The power comes from within and having responsibility gives us the power to make changes in our lives...maybe it's time!
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  #95  
Old 03-14-2015, 03:05 AM
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Please note that off topic posts have been deleted.
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  #96  
Old 03-14-2015, 05:17 PM
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Quote:
Responding to Landmines: A Modern Tragedy and its Solutions

Diana, Princess of Wales

For the mine is a stealthy killer. Long after conflict is ended, its innocent victims die or are wounded singly, in countries of which we hear little. Their lonely fate is never reported ...

Some people chose to interpret my visit as a political statement. But it was not. I am not a political figure. As I said at the time, and I'd like to re-iterate now, my interests are humanitarian. That is why I felt drawn to this human tragedy. This is why I wanted to play down my part in working towards a world-wide ban on these weapons.

I saw the fine work being done by the Red Cross and other agencies to replace lost limbs. But making prostheses is a costly as well as a complicated business. For example; a young child will need several different fittings as it grows older. Sometimes, the severity of the injury makes the fitting of an artificial limb impossible. There are never enough resources to replace all the limbs that are lost.

As the Red Cross have expressed it: "Each victim who survives, will incur lifetime expenses for surgery and prosthetic care totalling between £2,000 and £3,000."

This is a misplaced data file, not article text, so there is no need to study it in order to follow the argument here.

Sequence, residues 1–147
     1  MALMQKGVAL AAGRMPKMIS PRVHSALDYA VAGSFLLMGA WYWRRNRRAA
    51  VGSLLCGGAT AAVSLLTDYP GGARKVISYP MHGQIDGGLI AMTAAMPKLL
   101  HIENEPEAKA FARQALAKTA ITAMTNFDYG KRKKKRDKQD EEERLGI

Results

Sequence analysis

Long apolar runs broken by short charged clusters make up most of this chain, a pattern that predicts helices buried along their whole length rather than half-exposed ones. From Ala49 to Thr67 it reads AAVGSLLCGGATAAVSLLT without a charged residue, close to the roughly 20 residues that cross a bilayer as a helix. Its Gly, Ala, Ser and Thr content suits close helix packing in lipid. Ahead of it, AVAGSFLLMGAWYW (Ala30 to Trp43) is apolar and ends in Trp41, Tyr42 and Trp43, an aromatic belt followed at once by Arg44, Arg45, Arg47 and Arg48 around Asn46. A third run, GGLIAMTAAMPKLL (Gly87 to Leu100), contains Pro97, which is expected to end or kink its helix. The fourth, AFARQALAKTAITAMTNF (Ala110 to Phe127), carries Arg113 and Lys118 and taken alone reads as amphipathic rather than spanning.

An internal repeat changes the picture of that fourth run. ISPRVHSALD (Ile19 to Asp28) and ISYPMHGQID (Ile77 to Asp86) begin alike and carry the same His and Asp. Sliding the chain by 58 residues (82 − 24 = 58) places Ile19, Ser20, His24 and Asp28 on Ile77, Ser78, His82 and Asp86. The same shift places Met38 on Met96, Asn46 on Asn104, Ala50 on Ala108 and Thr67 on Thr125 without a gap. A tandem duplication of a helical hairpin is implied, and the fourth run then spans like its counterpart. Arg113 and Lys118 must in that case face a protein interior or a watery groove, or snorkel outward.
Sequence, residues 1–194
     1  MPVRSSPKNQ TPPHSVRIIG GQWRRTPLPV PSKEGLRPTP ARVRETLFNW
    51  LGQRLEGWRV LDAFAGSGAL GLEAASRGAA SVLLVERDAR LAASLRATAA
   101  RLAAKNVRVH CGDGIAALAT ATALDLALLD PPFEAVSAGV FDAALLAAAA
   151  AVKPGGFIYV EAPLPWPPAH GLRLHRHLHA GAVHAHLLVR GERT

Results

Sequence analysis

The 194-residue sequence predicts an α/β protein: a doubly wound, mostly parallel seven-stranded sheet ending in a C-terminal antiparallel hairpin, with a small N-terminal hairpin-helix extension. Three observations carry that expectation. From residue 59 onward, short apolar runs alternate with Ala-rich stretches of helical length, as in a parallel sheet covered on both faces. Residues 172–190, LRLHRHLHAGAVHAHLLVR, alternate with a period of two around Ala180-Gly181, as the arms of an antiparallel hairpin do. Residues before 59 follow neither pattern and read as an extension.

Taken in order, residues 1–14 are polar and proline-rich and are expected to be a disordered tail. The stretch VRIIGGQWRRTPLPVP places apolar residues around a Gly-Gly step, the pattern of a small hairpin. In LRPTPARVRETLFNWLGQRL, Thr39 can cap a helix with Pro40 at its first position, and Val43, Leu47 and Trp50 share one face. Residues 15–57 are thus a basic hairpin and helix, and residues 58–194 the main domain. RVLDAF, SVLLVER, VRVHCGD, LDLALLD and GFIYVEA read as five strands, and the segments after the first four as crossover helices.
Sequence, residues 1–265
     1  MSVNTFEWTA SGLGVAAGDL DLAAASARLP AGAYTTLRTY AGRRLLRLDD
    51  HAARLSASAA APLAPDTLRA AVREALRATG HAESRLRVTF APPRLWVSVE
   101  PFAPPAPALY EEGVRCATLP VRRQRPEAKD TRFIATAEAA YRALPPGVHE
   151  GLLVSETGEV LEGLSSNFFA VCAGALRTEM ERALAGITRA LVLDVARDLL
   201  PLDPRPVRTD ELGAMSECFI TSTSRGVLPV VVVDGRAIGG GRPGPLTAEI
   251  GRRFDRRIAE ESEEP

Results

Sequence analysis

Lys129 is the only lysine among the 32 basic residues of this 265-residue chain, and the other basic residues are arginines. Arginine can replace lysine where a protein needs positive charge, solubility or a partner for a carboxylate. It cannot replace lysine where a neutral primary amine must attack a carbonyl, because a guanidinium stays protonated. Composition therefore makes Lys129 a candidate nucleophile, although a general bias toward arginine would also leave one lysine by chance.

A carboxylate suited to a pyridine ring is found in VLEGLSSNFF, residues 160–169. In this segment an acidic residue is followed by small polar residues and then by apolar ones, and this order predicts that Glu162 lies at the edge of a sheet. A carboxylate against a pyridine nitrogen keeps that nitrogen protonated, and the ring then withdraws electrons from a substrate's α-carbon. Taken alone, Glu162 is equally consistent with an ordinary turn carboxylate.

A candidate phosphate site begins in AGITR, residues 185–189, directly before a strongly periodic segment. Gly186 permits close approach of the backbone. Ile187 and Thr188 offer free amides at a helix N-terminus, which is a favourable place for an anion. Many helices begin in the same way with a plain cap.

There are said to be around 110 million mines lurking somewhere in the world - and over a third of them are to be found in Africa! Angola is probably more heavily mined than anywhere else, because the war went on for such a long time, and it invaded so much of the country. So that country is going to be infested with mines, and will suffer many more victims. And this brings me to one of the main conclusions I reached after this experience.

Even if the world decided tomorrow to ban these weapons, this terrible legacy of mines already in the earth would continue to plague the poor nations of the Globe. "The evil that men do, lives after them."

And so, it seems to me, there rests a certain obligation upon the rest of us...

If an international ban on mines can be secured it means, looking far ahead, that the world may be a safer place for this generation's grandchildren.

But for this generation in much of the developing world, there will be no relief, no relaxation. The toll of deaths and injuries caused by mines already there, will continue.
Landmine speech on June 12th, 1997.

Responding To Landmines famous speech by Princess Diana
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  #97  
Old 03-14-2015, 05:29 PM
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Quote:
Princess Diana: The Last Crusade By Lord Deedes

She decided to keep out of the minefields on this trip, and instead spent most of time visiting the many victims. Sensibly, she insisted on setting at least 30 minutes for each sojourn. People who have experienced tragedy in their lives need time in which to tell their tale.

Apart from demonstrating her already well-known humanitarian qualities, what did Princess Diana hope to achieve by the Bosnia mission? That is a serious question, to which there is a serious answer.

Much of the world suddenly hopefully towards an international ban on the use of anti-personnel mines. To attribute this to the Princess of Wales would be a mistake. The main thrust behind the movement comes from Canada, where to date 110 nations have joined what is called the Ottawa process.

For victims of anti-personnel mines, past, present and future, a ban will achieve nothing. That is one factor that exercised the Princess Wales. The move towards a ban on mines is mainly a political matter. Raising more support for crippled victims is a humanitarian mission -- and expensive.

A man living off the land who loses a leg has lost his livelihood. Fitting and maintaining an artifical limb costs at least pounds 5,000. A child will require a succession of replacement limbs as it grows. Something is being done towards these needs, but not nearly enough. The trip to Bosnia was designed to focus attention on these problems.